Get Published – Emotion, The Vital Element In The Novel

Emotions and feelings are difficult things to handle in real life. Portraying them in the novel can be even more of a problem for some writers.
Sometimes the problem is with the writer himself or herself. Displaying emotion in public, for example, is a great source of embarrassment. ‘Making a scene’ is frowned upon. Some people believe displaying any emotion makes them appear vulnerable and weak to others. This feeling carries over into the writing, and some writers, particularly new writers, find portraying emotion very challenging.
In the present decade, when we are subjected to the never-ending public spectacle of celebrities’ emotions, the average person must wonder at the thickness of skin or else suspect that these overt displays are false.
Some writers, even experienced ones, hold back a great deal in not only the display of emotion in their work, but even the use of strong language and violent action, because of what others may think of them, particularly the opinions of their parents and loved ones. What the writer needs to remember is that these emotions, language and actions belong to their characters, not to themselves.
When a character is created the writer must stay true to the character’s attitude and traits, and portray them faithfully. If the character is a violent criminal then he must act, think and speak as such a person would in real life. The writer would perhaps never dream of using strong language in his everyday life, but he is not his character. His character is a separate entity playing a role in a separate world.
Perhaps we think that emotion belongs to the genres favoured by female readers, romance and chit lit. But in crime fiction, often plot-driven, there has to be some degree of powerful emotion that causes one character to murder another. Crime fiction, science fiction and fantasy offer extensive backdrops to a whole repertoire of emotions which will enrich these genres.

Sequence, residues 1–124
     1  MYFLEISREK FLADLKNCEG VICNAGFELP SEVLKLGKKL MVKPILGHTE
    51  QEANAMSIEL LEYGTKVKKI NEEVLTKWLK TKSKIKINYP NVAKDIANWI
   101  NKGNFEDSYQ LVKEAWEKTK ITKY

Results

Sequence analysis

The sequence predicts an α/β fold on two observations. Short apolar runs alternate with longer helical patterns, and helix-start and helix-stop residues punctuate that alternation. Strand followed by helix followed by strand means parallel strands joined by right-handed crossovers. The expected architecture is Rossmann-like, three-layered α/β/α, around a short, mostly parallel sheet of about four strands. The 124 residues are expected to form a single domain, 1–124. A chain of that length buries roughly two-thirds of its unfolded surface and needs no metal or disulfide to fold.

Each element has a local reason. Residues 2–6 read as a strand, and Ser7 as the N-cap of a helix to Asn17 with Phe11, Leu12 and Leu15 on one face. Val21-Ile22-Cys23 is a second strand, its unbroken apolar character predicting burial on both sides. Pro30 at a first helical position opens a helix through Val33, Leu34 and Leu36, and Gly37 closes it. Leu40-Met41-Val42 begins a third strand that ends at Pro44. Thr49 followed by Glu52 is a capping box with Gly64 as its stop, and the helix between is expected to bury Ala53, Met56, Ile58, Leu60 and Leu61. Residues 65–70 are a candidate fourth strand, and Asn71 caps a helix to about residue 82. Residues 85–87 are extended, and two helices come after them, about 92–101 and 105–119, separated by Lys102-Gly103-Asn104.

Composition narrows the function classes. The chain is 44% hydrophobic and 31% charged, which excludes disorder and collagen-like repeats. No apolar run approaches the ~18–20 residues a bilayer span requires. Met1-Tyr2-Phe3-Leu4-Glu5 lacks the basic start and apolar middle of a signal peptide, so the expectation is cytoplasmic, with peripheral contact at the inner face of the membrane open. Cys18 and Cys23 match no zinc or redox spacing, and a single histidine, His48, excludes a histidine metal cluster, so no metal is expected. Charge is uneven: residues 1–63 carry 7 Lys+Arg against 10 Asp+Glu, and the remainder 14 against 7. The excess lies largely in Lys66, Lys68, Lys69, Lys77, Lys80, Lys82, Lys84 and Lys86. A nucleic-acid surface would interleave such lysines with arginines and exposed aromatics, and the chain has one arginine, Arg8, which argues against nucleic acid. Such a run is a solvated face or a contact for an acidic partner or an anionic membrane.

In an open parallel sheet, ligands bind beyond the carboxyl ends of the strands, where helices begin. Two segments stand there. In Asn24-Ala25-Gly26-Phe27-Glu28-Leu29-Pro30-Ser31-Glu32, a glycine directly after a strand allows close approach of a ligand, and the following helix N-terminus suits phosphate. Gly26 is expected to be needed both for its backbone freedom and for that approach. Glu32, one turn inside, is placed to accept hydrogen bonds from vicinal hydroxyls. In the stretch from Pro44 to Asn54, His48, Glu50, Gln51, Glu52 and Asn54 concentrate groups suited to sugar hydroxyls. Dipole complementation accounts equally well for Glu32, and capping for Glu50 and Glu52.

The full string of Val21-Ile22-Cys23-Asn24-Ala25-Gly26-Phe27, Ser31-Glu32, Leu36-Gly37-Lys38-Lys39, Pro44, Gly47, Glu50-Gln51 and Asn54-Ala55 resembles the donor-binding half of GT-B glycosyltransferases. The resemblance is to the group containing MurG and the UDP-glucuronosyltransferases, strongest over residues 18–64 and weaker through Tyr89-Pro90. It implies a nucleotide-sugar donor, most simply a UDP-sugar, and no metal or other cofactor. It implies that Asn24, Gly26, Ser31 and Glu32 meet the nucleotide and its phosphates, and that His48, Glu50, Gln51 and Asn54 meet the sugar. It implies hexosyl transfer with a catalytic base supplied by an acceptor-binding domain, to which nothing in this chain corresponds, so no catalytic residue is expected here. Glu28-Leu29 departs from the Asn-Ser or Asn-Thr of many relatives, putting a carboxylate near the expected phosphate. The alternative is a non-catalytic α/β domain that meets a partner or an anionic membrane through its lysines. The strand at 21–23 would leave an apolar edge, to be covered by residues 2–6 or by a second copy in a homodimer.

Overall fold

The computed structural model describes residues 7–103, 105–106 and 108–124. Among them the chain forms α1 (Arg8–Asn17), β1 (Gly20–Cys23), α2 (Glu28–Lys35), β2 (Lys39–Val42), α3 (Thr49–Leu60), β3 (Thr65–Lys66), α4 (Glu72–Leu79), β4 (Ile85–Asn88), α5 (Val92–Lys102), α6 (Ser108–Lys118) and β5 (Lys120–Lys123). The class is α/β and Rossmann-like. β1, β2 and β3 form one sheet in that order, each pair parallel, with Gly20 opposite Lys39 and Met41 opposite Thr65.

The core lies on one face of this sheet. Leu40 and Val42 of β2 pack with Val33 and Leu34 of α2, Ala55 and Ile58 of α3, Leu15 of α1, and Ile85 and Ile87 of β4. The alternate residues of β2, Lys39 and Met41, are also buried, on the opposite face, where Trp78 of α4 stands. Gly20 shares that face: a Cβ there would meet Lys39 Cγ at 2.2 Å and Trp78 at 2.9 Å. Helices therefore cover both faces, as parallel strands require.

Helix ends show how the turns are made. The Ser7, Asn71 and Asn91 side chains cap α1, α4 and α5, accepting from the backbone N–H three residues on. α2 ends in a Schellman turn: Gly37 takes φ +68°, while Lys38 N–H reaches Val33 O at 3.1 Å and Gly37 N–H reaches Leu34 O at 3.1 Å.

Emotion and feelings are vital elements in the successful novel. Emotion drives the characters to action. It is the naked display of emotion that attracts the reader to the story and brings them back time after time to the work of those authors who can easily provide this. Readers can witness all this passion and action from the safety of their armchairs.
In real life, emotion is exhibited spontaneously, of course, but when writing a scene the writer may feel distracted at having to cope with spontaneity, as well as furthering the plot and action. It is better at this stage to write the scene straight, concentrating on the characters and action. With the action of the scene completed to the writer’s satisfaction, the emotion/feelings can then be written in, in retrospect. This may seem odd, but to convey emotion creatively on the page the writer needs to do this with a cool head, giving a great deal of thought to the most effective way of getting this emotion across to the reader and holding him captive in the process.
Emotion written in cold blood is very often the most successful.

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